Selecting a Trap Gun for a Youth Shooter - Part 1
8-2-2015 - Chris Robb
There are a lot of things to consider when purchasing a gun for a youth trap shooter. In the following articles I will try to address some of those key areas, offer a few suggestions, and provide you with enough information to begin the hunt for that perfect gun.
Before my son was born my wife set out to procure every possible item needed to welcome him into this world. I bought him a baseball glove.
The truth is that any shotgun that fits a child is suitable to get them started. Purchasing a gun is an investment. If your child is new to trap shooting it will take time to determine if they will stick with the sport. It is advisable to let your child shoot for a season before diving into the purchase of a new gun.
The ole Winchester in the closet.
I mentioned before that any shotgun that fits a child is suitable to get them started. I cringed a little as I wrote those words, so let's discuss that statement a little to make me feel better about putting it in print.
You should work with your child before handing him Grandpa's old shotgun purchased in ought-six. Remember, trap shooting consists of five stations where each shooter will have five shots at each station for a total of twenty five shots per round. Your child will probably be shooting two rounds if they practice with a youth program. That is a lot of repetitive hits to a child's shoulder and cheek. Grandpa called that old gun "the Mule" for a reason. Here are a few questions to consider:
If you are a member of a club, there are probably other shooters that have purchased guns for their own children. You may be able to borrow a suitable gun to get your child started. Just remember to keep in mind that if someone is nice enough to loan the gun, you should be nice enough to return the gun in the same condition you received it and KEEP IT CLEAN. You may also consider a token of appreciation for the use of the gun. A box of good shells or a gift card to a restaurant are almost always welcome.
- Is he/she able to hold the gun up once shouldered?
- Are they able to stand relatively straight while holding the gun?
- What kind of gun is it? Do you know how much felt recoil the gun produces?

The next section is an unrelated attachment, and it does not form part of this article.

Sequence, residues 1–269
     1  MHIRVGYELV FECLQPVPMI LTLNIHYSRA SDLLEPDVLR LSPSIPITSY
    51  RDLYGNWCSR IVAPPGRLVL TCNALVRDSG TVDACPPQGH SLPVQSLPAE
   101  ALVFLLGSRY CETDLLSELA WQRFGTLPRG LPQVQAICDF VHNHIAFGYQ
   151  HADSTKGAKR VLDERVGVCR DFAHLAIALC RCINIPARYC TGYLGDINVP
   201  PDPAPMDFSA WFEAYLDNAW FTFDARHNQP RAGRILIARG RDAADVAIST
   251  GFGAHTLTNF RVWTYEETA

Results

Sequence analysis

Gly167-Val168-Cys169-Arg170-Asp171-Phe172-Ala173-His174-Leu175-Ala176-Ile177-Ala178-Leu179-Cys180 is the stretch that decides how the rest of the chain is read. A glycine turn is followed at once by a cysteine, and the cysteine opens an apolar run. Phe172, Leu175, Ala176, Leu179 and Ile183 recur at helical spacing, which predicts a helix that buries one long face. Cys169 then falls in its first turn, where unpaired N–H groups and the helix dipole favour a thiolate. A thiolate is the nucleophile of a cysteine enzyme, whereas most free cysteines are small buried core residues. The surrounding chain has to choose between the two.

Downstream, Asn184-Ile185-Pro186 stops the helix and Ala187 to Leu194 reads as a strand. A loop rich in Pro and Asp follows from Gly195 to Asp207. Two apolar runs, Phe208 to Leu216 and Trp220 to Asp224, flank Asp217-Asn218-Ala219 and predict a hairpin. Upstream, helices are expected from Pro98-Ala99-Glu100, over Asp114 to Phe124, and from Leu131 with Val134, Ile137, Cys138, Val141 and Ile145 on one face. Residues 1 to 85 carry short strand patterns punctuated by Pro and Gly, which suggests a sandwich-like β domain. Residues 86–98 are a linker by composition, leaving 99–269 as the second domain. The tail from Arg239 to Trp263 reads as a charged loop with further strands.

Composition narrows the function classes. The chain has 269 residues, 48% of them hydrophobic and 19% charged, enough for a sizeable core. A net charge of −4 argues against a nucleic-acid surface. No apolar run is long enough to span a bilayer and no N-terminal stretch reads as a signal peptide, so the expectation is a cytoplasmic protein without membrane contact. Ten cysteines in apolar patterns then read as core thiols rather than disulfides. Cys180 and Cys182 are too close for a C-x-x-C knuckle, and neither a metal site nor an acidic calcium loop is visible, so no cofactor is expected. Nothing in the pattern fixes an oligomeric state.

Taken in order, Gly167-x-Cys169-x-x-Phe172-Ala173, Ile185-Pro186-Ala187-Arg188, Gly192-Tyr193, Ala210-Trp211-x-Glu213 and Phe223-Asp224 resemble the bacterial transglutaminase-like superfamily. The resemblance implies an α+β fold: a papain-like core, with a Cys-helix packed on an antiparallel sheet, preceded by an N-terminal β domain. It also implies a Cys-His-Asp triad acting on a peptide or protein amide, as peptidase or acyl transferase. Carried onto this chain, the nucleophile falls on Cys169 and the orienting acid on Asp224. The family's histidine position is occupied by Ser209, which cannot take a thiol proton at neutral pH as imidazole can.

- Have you shot the gun yourself?
He shot really well with the "Ole Mule". He hit his first target, got back up, and tried again.
The first thing to discuss is the myth that all kids should start with a 20 gauge gun. These guns often have a very sharp felt recoil. They can be a suitable option for smaller shooters due to the smaller size of the gun, but pay attention to your child and make sure they are not developing a flinch due to the felt recoil of the smaller, lighter gun.
Let's discuss the different types of shotguns. First there is the break action shotgun. These are over/under, single shot, or side by side shotguns. In context to gun type and not yet discussing other characteristics such as weight, these shotguns typically have the most felt recoil.
The next gun type is the pump action shotgun. These guns will also have a considerable amount of felt recoil. Both the break action and pump style guns receive the pressure of the fired shot directly to the back of the gun and into your shoulder and cheek.
Gun weight and shell loads will have significant impact on felt recoil, but for now we are simply discussing styles of shotguns.
This brings us to the semi-auto gas operated shotgun. A gas operated semi-auto shotgun will disperse the recoil over a longer period of time due to the nature of the mechanics of the gas operated system. This will give the gun a shove to the shoulder rather than a percussive jab to the shoulder.
Not all semi-automatic shotguns are created equal. A semi-auto that is recoil driven(such as the old Browning A-5) rather than gas-operated model will potentially have the same felt recoil as the other styles of guns mentioned above. Be sure you know what you are buying before opening that wallet.
In Part 2, we'll take a look at the anatomy of a trap gun and talk about gun fit. Stay tuned...